Between 1696 and 1698, the Omanis under Saif I ibn Sulṭān expelled the Portuguese from Zanzibar Island, captured Fort Jesus in Mombasa, and stormed the Portuguese fortress on Pate, forcing the Europeans to withdraw south to Mozambique. An exact date of the final demise of Portuguese power in Zanzibar is debatable, but the Omanis were clearly in control of the coast north of Mozambique by 1701, by which time Zanzibar Island had become an Omani stronghold.

The island’s defenses were strengthened with the completion of a fort armed with cannon from Sulṭān bin Saif’s eighty-gun flagship Al-Falaq (the dawn). Built between 1698 and 1701 on the ruins of a Portuguese chapel, this quadrilateral fort dominated the town with high, dark brown walls topped by crenellated battlements and turrets. From here, the Omanis controlled one thousand miles of the mainland coast from Somalia to Mozambique.

The Arab hold on the area was consolidated with the establishment of a trading post, garrison, and prison on Kilwa. Portuguese attempts to recolonize Mombasa in 1699, 1703, and 1710 failed. Queen Mwana wa Mwana returned to Zanzibar from Yemen in 1710. However, her successors were overshadowed by Omani governors. Small and easy to defend, the islands provided ideal bases for the Arabs, who had learned well from their enemies.

While Zanzibar’s Arabs continued to pay allegiance to governors appointed by the imam in Muscat, they enjoyed much autonomy. The mainstay of their economy was trade. Arab caravans reached into Africa’s interior, a lucrative area for slaves Slave trade;Africa and ivory. Over a period of almost four centuries, between 700,000 and 1.2 million slaves were taken from the mainland. Numbering sixty-five hundred per year by 1834, slaves from as far away as Malawi and Uganda were shipped through Zanzibar to the Middle East and India. Most wealth remained in the hands of Omani landowners and traders, who isolated themselves and seldom intermarried with Africans.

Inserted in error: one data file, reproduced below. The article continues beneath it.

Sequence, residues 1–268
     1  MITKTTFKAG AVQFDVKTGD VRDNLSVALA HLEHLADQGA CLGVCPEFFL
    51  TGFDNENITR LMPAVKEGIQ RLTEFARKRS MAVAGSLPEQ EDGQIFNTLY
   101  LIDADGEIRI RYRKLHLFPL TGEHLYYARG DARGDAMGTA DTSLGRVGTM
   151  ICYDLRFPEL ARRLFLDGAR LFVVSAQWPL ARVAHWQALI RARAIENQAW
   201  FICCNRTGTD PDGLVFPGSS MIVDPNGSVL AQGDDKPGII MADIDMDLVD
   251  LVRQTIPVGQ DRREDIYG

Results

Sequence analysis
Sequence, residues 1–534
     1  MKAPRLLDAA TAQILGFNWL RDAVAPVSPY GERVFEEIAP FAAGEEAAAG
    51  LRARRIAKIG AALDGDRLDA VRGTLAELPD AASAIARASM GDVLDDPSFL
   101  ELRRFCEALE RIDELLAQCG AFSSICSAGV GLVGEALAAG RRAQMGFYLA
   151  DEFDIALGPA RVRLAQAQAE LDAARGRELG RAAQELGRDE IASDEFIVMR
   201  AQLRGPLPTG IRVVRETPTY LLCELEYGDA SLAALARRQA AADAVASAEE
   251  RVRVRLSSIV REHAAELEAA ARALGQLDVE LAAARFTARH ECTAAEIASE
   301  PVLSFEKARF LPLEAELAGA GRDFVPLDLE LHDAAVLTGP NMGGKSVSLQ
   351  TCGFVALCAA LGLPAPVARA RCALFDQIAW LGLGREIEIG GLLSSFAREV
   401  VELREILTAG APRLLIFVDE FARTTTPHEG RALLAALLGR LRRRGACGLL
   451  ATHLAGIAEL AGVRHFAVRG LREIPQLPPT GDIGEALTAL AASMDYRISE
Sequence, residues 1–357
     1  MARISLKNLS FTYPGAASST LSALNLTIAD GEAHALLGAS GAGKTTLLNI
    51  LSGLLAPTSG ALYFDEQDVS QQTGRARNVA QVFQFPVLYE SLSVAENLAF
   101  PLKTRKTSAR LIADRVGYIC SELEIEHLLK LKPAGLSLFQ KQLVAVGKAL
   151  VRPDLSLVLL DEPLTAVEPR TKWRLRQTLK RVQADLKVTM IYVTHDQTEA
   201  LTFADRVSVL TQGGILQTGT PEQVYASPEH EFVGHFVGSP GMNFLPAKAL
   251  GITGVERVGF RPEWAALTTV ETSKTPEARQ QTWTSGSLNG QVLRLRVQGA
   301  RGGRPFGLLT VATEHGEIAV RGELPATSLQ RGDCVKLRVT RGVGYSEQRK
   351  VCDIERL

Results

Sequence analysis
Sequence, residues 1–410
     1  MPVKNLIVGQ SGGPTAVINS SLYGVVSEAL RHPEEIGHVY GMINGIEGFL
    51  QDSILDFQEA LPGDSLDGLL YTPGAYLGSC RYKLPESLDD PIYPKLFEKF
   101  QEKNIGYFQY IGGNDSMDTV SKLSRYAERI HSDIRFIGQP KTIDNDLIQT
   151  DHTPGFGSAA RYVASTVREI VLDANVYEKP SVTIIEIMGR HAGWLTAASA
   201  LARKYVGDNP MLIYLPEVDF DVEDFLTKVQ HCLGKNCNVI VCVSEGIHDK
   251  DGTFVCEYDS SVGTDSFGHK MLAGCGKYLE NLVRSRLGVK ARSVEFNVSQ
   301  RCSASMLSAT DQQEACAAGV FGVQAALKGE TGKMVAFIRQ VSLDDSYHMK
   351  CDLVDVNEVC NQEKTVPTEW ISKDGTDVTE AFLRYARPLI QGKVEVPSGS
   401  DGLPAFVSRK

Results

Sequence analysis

Political stability did not accompany Oman’s wealth and new territories. Although the Portuguese ceased to be any threat after 1730, new difficulties arose. Beginning with an invasion by the Persians during a succession dispute in 1737, Oman cycled between periods of trade-generated prosperity and bitter strife within its ruling class. Taking advantage of this situation, the Arab governor of Mombasa declared his independence in 1741 and established the Mazrui Dynasty, Mazrui Dynasty which ruled the Kenyan port city until it was reintegrated into Zanzibar in 1837. Also in 1741, Aḥmad ibn Said defeated the Persians and, returning to an earlier tradition, was elected imam in Oman. Upon his death, hereditary succession continued in the form of a new dynasty, the Busaidi, Busaidi Dynasty which has continued in power to the present. However, Arab power in the region had by then been supplanted by European empires.

Omani fortunes appeared to improve in 1820, when Imam Said ibn Sulṭān, also known as Sayyid Said, expelled the Wahabis, rebuilt his navy, and strengthened his empire with British help. Under his guidance, the Swahili Coast’s fertile lands were transformed. Around 1818, sailors returned from Indonesia with cloves, a hitherto unknown spice that thrived on East Africa’s islands along with more than fifty other spices and fruit. Most Hadimu and many slaves from the mainland were forced to work on plantations, which eventually produced a third of the imam’s revenues. Officially transferring his court to Stone Town, Said ignored troubled Oman and devoted his efforts to Zanzibar, from which Islamic and Arab influence spread. Furthering Oman’s decline, many Arabs departed for better lives in Africa, where they built the palatial coral-stone homes with ornate carved doors and balconies that still characterize Zanzibar and the Swahili Coast.

Further Reading

  • Alpers, E. A. Ivory and Slaves in East Central Africa to the Later Nineteenth Century. London: Heinemann, 1975. A good account of Zanzibar and the east African slave trade.
  • Hawley, Donald. Oman and Its Renaissance. London: Stacey International, 1984. This official reference on Oman includes much on the imams and Zanzibar.
  • Moorehead, Alan. The White Nile. New York: Penguin, 1971. Moorehead’s exciting account of European influence in east and northeast Africa begins with a chapter on Zanzibar during the late Omani period.
  • Segal, Ronald. Islam’s Black Slaves: The Other Black Diaspora. New York: Farrar, Straus and Giroux, 2001. An analysis of the thousand years of slave trading between Africa, India, and the Middle East, including much on Zanzibar.
  • Strandes, Justus. The Portuguese Period in East Africa. Translated by Jean F. Wallwork. Edited by J. S. Kirkman. Nairobi, Kenya: East African Literature Bureau, 1961. Excellent source on Portugal’s African empire.